For your list, start with authors who are also close to the center circle.

  • If you write funny crime stories, find other authors who write funny crime stories.
  • If you write how-to books for newly divorced moms, find other authors who write for the same audience.
  • If you write thrillers with a political bent, you want other authors who write thrillers from the same perspective.

With these three spheres in mind—authors in your genre, authors in your subcategory, and authors who are like you—now you can begin working on your list...


Your master list should include a mix of three types of authors:

  1. Anchor authors
  2. Middle authors
  3. Peer authors

Let’s take each type one at a time...


These are the authors in your genre who are famous—even to people who don’t know anything else about your genre. This name serves as a kind of shorthand for the category.

For example, John Grisham writes thrillers—more specifically, courtroom thrillers. He’s well-known among genre fans, but also by members of the general public. His readership includes people who don't read any other courtroom thrillers.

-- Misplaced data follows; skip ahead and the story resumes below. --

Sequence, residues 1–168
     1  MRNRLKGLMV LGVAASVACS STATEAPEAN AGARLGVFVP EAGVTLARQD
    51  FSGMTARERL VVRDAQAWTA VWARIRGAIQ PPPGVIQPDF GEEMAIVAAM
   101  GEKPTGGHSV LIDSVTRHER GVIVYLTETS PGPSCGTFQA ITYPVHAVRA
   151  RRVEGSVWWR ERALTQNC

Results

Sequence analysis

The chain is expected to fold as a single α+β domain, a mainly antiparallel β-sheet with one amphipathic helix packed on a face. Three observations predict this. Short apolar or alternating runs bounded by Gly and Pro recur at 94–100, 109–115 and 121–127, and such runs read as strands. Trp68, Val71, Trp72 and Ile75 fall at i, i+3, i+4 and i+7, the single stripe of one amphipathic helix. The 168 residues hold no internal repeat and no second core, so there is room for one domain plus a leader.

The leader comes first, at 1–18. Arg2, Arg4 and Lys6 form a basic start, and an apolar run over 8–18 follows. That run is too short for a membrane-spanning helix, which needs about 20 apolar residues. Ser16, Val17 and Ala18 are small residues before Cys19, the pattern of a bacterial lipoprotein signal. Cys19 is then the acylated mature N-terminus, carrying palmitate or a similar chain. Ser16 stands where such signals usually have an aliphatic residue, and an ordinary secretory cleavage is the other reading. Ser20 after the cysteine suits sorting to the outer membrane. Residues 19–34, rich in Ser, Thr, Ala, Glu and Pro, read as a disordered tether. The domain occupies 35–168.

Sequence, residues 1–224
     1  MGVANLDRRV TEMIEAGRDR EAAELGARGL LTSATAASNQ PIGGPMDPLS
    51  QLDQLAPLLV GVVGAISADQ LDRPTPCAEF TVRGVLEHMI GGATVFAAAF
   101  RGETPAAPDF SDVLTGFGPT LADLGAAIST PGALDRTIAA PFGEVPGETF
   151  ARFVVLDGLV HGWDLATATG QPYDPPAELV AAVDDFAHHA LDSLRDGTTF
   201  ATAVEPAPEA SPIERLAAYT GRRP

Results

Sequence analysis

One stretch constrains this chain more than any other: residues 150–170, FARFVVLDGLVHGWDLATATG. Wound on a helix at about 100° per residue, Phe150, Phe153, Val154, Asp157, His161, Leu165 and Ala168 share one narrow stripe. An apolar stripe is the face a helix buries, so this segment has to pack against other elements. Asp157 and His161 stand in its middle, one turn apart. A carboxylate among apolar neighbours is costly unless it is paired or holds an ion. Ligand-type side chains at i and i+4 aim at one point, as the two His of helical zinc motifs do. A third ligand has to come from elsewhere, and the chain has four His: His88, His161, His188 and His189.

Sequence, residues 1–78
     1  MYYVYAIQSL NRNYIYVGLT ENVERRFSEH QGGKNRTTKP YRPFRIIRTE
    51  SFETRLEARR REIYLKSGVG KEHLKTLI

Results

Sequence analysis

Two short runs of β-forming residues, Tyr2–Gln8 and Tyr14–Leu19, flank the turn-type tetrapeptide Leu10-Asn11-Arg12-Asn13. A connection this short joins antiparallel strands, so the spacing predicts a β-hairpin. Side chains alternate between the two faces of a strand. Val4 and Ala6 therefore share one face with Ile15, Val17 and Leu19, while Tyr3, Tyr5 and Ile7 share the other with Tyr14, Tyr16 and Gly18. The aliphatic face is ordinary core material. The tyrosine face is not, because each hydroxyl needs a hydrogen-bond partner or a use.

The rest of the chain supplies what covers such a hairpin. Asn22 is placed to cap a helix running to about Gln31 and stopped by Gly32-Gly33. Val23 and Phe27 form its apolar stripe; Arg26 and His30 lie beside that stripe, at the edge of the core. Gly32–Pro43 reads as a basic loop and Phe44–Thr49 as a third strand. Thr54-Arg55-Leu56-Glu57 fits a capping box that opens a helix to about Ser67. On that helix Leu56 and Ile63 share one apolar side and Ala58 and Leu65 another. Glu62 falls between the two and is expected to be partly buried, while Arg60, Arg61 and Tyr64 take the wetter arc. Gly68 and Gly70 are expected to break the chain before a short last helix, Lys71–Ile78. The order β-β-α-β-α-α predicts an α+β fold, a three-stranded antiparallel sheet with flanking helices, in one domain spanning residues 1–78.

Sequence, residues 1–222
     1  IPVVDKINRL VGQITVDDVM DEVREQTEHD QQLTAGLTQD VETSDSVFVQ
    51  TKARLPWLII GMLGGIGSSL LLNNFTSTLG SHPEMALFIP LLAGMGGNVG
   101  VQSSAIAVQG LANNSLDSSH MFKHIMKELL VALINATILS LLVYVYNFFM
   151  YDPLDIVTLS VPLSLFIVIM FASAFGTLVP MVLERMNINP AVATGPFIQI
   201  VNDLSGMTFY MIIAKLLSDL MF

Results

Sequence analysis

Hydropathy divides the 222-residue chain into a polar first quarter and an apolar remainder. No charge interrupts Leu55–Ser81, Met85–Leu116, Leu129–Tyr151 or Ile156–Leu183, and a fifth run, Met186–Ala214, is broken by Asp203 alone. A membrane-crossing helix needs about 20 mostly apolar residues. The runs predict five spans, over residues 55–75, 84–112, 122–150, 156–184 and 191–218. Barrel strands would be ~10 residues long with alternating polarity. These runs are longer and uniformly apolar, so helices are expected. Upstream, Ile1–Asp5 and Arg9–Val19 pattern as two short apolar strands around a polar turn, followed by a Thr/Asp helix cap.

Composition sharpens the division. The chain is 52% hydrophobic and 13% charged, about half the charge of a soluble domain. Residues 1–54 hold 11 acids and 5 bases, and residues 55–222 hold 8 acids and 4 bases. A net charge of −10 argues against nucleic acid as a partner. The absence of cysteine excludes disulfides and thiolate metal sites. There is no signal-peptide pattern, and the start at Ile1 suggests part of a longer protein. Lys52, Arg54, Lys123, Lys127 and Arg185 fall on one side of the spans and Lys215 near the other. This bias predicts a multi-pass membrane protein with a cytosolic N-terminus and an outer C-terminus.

So, you while anchor authors will draw a crowd, you shouldn't focus exclusively on authors at this level. Otherwise, you risk drawing a crowd that doesn't actually care about your category.

Another reason that your list shouldn't only be anchor authors is that most of them are out of reach for any kind of partnerships. They’re either too famous, too busy, or dead.

Which is why you should also include authors from this second category…